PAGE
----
|시간 제한||메모리 제한||제출||정답||맞은 사람||정답 비율|
|5 초||512 MB||12||11||10||90.909%|
At the Infinite House of Pancakes, there are only finitely many pancakes, but there are infinitely many diners who would be willing to eat them! When the restaurant opens for breakfast, among the infinitely many diners, exactly D have non-empty plates; the ith of these has Pi pancakes on his or her plate. Everyone else has an empty plate.
Normally, every minute, every diner with a non-empty plate will eat one pancake from his or her plate. However, some minutes may be special. In a special minute, the head server asks for the diners' attention, chooses a diner with a non-empty plate, and carefully lifts some number of pancakes off of that diner's plate and moves those pancakes onto one other diner's (empty or non-empty) plate. No diners eat during a special minute, because it would be rude.
You are the head server on duty this morning, and it is your job to decide which minutes, if any, will be special, and which pancakes will move where. That is, every minute, you can decide to either do nothing and let the diners eat, or declare a special minute and interrupt the diners to make a single movement of one or more pancakes, as described above.
Breakfast ends when there are no more pancakes left to eat. How quickly can you make that happen?
The first line of the input gives the number of test cases, T. T test cases follow. Each consists of one line with D, the number of diners with non-empty plates, followed by another line with D space-separated integers representing the numbers of pancakes on those diners' plates.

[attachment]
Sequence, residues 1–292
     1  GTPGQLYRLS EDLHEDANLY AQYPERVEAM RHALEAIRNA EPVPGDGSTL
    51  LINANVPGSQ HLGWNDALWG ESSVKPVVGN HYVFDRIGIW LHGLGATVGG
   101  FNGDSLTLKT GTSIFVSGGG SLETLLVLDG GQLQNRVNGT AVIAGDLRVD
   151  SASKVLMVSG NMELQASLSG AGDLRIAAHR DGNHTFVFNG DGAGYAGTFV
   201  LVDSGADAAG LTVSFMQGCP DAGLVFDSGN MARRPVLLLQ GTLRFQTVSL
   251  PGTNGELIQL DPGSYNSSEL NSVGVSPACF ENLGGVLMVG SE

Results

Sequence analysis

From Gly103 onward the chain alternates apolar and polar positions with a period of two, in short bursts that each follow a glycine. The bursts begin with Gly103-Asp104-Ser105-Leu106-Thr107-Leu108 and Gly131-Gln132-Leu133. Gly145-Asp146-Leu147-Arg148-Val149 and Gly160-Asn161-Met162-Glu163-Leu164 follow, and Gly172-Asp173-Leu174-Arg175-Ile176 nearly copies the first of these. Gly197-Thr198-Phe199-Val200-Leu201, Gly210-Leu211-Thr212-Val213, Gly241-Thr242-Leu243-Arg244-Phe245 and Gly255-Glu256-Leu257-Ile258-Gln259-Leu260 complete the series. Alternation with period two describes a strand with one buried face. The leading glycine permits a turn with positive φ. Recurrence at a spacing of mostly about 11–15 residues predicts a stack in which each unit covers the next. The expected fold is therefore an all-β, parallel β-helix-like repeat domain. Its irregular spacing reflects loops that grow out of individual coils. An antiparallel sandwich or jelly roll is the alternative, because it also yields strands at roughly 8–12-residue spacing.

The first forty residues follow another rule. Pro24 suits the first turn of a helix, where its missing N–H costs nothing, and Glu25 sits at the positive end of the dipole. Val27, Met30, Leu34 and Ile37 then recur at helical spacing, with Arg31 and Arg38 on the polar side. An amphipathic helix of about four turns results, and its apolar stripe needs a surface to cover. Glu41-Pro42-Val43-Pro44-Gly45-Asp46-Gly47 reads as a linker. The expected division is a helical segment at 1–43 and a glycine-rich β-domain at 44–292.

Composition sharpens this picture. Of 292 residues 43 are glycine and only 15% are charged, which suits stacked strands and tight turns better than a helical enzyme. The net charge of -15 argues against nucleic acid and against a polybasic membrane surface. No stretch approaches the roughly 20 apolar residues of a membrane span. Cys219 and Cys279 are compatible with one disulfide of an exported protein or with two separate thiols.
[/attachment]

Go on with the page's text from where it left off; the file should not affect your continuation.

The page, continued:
For each test case, output one line containing "Case #x: y", where x is the test case number (starting from 1) and y is the smallest number of minutes needed to finish the breakfast.
3 1 3 4 1 2 1 2 1 4
Case #1: 3 Case #2: 2 Case #3: 3
In Case #1, one diner starts with 3 pancakes and everyone else's plate is empty. One optimal strategy is:
Minute 1: Do nothing. The diner will eat one pancake.
Minute 2 (special): Interrupt and move one pancake from that diner's stack onto another diner's empty plate. (Remember that there are always infinitely many diners with empty plates available, no matter how many diners start off with pancakes.) No pancakes are eaten during an interruption.
Minute 3: Do nothing. Each of those two diners will eat one of the last two remaining pancakes.
In Case #2, it is optimal to let the diners eat for 2 minutes, with no interruptions, during which time they will finish all the pancakes.
In Case #3, one diner starts with 4 pancakes and everyone else's plate is empty. It is optimal to use the first minute as a special minute to move two pancakes from the diner's plate to another diner's empty plate, and then do nothing and let the diners eat for the second and third minutes.